King amendment: The Farm’s Bill golden egg

From the endless email alerts, blogs, Facebook posts, and Tweets from the Humane Society—to say nothing of Pacelle’s ad hominem attacks on King—you’d think the amendment would cause the sky to fall. Far from it. What’s all the clucking really about? King’s amendment would stop animal liberation groups from using one state’s ballot box to force its views on the rest of the country.

The kerfuffle over King’s amendment comes from a 2008 California ballot campaign pushed by the vegan Humane Society of the United States (not affiliated with local humane societies). HSUS, using emotional arguments, convinced voters to support a law banning common hen housing on egg farms in the state. The campaign succeeded despite predictions from UC-Davis experts that it would bankrupt the state’s egg industry.

The predicted bankruptcy loomed and neighboring states looked like greener pastures for California’s egg industry. So California’s legislature had a solution: Force the same regulations on out-of-state farmers trying to sell eggs in the state. The law was passed under the clever guise of food safety (states can regulate interstate commerce in limited circumstances, such as for health and safety).

{mosads}But the food safety claims are an illusion. As California State Congressman Dennis Cardoza said, if “you can put small cages in Nevada, right across the border and our state can’t prohibit it, then that’s a problem for us.” The real motivation was economic protectionism—reaching into Nevada and the other 48 states. That’s why California Republicans opposed King’s amendment, while it won support from Democrats in other states.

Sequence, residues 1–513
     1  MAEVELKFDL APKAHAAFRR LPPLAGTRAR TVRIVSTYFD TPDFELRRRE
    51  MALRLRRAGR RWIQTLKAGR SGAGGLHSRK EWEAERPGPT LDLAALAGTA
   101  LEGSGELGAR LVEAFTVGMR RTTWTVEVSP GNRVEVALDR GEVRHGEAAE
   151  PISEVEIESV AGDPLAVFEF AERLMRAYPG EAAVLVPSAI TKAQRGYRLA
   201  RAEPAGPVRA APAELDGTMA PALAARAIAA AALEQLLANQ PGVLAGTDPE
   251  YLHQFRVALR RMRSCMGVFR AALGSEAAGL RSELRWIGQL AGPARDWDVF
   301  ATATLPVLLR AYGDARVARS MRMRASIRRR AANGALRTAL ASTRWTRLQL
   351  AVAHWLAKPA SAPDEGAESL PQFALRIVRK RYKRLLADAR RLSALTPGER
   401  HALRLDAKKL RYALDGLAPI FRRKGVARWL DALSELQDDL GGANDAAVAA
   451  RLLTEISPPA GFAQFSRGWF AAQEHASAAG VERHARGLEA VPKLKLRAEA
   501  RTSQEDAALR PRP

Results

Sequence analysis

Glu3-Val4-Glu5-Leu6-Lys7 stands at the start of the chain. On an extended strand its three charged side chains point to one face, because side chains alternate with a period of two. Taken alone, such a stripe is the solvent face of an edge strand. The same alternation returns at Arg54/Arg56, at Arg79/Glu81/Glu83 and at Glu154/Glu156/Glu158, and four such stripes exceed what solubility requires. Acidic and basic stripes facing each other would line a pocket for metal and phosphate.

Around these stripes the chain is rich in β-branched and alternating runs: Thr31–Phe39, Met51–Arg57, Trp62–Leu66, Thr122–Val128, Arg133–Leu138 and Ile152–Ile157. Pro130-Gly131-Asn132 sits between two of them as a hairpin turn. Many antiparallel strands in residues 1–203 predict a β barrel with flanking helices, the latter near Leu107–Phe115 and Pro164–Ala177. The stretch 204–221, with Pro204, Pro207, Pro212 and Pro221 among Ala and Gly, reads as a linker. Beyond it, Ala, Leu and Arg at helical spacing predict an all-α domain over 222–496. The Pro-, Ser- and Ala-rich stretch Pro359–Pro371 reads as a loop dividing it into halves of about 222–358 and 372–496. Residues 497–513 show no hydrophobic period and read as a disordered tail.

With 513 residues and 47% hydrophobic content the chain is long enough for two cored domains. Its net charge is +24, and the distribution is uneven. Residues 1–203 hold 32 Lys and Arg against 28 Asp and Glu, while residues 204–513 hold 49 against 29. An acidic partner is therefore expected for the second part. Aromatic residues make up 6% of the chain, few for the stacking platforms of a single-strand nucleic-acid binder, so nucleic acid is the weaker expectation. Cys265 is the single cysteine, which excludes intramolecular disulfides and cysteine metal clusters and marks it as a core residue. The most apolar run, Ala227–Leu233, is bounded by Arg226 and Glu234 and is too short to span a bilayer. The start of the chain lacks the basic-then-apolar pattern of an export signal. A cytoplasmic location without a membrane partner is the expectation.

Food safety, in fact, is already regulated at the federal level under the Egg Products Inspection Act and various other regulatory regimes. If King’s amendment passes, it hardly means that standards and regulations are going out the window.

The bottom line is that HSUS sees California’s ballot box as a tool to push regulations onto the other 49 states that it could never push through Congress or legislatures. HSUS is opposed to any agriculture involving animals. An HSUS vice president told an animal conference that the group hopes “to get rid of the entire [animal agriculture] industry” and that “we don’t want any of these animals to be raised and killed” for food. Pacelle hopes to raise prices and reduce demand for eggs and other products by raising costs for farmers not just in California but in other states, and encouraging economic protectionism is one way to do it.

The other way is through federal regulation. Despite its cries against federal overreach, HSUS is lobbying for a national law that would impose California-style hen-housing regulations on all 50 states. So far Congress has left this rotten egg out of the Farm Bill. After similar hen-housing regulations took hold in Europe last year, the marketplace was roiled with supply shortages and price shocks.

Congress, not California, is empowered to regulate interstate commerce. If the chicken activists had any intellectual honesty, they’d stop crying “fowl” over attempts to stop California’s overreach.

Berman is executive director of the Center for Consumer Freedom, a nonprofit coalition supported by restaurants, food companies and consumers to promote personal responsibility and protect consumer choices.


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